Greenwald makes a smart but off-the-mark case against the president's tactics versus the Republicans:
Some Obama supporters will claim that the whole post-partisan song is nothing more than a political game, a super-shrewd, exotic political tactic Obama is employing in order to cast the GOP as obstructionists. But if so, that's a Beltway tactic almost as old as Obama himself.
It's not. It's a whole new bag.
Hilzoy, on the other hand, makes a smart and totally spot-on case in favor of the president's tactics against the Republicans:
The House Republicans, by contrast, looked silly. They were carping about tiny bits of the stimulus (the capitol mall?!). They changed the bits they objected to from one day to the next, and looked for all the world like what I take them to be: people who were determined to oppose the stimulus bill from the outset.
I basically wrote the same thing in my Huffington Post column yesterday. This president is absolutely not a Harry Reid Democratic Capitulation Machine. And I see nothing in the president's style that indicates he'll allow himself to be rolled by this typical, off-the-shelf display of Republican political hackery.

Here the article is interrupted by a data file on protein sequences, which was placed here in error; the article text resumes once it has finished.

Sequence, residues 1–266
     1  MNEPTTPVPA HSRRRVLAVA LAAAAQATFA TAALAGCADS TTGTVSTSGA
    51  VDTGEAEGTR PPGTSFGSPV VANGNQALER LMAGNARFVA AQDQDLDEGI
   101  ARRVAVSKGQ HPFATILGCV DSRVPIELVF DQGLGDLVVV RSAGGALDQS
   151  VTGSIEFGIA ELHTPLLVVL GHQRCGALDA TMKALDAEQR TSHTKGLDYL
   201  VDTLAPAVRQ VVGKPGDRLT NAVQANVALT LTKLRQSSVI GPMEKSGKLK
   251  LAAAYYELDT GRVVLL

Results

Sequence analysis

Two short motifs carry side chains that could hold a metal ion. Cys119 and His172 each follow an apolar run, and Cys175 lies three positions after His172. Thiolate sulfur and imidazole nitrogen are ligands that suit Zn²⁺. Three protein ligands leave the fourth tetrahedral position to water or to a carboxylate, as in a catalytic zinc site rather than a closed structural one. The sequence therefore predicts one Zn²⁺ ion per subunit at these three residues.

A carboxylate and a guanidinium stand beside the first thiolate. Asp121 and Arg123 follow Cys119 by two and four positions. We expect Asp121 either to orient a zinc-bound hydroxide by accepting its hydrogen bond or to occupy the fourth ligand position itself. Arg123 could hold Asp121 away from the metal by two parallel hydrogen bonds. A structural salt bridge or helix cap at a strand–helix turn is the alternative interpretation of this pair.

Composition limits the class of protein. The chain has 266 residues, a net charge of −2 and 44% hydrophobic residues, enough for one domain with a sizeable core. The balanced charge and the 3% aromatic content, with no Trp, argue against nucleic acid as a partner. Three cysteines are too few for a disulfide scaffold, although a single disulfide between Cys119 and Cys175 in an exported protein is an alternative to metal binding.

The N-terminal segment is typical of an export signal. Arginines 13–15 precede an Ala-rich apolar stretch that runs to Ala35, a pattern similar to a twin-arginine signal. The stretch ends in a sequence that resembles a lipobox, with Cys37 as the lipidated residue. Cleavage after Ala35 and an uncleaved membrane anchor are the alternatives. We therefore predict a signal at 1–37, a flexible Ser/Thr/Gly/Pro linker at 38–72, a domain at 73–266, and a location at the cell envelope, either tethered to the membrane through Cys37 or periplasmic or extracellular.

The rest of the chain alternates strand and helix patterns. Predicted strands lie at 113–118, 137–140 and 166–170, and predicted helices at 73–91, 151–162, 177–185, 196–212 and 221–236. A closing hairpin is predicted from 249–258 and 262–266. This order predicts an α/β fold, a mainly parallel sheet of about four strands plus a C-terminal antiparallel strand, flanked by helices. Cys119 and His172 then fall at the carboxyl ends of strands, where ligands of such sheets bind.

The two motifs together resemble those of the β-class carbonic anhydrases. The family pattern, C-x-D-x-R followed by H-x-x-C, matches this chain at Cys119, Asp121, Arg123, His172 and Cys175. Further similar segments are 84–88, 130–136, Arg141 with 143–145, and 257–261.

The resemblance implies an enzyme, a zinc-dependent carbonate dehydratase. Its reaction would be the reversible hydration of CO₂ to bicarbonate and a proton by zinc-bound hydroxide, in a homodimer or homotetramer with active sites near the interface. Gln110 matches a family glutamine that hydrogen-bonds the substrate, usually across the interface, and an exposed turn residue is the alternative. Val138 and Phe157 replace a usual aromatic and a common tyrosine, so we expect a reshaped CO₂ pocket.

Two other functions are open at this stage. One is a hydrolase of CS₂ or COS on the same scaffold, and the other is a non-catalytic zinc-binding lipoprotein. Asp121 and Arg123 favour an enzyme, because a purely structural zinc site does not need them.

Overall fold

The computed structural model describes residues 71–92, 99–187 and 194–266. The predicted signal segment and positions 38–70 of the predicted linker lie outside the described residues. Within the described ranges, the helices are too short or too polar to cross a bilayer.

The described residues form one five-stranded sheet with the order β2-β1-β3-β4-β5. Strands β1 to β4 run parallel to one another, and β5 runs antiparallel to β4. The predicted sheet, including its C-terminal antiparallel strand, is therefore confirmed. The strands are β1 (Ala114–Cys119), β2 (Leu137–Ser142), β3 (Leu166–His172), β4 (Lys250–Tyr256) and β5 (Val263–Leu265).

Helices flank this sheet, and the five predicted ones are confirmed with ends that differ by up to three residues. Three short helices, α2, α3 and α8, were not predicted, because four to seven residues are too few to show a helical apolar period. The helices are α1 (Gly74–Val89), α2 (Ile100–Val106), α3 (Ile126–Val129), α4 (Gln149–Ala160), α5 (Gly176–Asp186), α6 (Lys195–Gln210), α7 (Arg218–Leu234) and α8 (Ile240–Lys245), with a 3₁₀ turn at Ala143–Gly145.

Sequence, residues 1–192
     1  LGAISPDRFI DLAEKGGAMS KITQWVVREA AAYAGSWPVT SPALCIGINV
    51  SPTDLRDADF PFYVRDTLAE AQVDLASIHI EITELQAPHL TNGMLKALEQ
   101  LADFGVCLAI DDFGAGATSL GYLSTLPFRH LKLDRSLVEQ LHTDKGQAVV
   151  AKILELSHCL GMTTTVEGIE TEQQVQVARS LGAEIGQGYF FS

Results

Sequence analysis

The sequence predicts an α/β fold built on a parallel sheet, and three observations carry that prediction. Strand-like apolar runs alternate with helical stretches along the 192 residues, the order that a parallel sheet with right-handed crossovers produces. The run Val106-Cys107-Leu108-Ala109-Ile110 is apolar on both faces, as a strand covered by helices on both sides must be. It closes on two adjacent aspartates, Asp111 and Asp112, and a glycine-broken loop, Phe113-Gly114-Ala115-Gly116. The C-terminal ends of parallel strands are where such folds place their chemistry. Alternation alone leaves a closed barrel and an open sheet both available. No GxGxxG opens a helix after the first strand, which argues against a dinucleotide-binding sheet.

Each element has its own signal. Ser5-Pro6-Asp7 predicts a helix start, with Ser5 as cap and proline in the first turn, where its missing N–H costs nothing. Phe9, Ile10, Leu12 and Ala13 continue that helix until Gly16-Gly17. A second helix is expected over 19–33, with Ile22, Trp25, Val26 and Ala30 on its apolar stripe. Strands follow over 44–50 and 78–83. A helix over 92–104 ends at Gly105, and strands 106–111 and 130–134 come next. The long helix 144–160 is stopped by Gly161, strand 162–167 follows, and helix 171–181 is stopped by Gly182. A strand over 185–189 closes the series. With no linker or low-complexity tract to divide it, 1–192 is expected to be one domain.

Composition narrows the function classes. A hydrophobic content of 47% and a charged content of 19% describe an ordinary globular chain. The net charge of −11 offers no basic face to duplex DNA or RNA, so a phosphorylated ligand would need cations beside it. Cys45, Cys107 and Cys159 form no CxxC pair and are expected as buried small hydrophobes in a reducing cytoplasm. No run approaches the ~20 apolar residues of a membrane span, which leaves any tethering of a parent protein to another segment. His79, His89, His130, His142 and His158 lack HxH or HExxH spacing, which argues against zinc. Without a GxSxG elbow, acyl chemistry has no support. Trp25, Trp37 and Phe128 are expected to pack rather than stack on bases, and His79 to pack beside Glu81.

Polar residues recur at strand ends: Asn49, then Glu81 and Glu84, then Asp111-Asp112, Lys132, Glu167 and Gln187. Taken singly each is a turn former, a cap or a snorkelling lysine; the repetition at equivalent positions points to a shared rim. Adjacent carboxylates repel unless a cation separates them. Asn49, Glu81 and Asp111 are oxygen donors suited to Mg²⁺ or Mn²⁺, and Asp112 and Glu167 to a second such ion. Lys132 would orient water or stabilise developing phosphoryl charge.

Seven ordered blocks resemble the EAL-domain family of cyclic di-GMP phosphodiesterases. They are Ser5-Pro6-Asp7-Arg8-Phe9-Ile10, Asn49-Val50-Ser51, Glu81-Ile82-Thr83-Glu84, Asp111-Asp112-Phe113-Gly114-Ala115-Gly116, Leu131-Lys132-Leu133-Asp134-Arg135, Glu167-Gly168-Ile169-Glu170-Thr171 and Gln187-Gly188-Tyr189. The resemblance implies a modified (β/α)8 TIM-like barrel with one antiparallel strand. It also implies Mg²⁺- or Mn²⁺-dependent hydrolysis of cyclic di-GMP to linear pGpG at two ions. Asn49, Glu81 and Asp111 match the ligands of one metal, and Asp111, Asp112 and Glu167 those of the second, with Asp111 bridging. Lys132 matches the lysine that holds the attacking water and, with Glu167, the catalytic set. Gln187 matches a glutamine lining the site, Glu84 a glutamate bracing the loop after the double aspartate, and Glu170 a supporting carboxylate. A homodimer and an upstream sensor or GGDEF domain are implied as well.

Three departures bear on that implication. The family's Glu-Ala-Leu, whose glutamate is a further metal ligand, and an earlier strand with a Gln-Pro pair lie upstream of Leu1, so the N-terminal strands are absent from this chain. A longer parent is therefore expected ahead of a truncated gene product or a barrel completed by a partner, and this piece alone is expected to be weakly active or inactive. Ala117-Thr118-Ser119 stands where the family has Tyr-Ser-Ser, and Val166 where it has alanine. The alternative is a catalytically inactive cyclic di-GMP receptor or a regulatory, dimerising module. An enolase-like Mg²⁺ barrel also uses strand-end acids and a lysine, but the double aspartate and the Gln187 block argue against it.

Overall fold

Getting back to Greenwald's "Beltway tactic" argument, I think what's getting lost in the mix here is that the Republicans are acting like they're the majority party in Congress, and the cable news people are treating them as such. They're not. So while there might be a concession here or there and while there might be civil dialogue coming from the president (for now), this doesn't mean he's falling into the Reid capitulation pit of despair.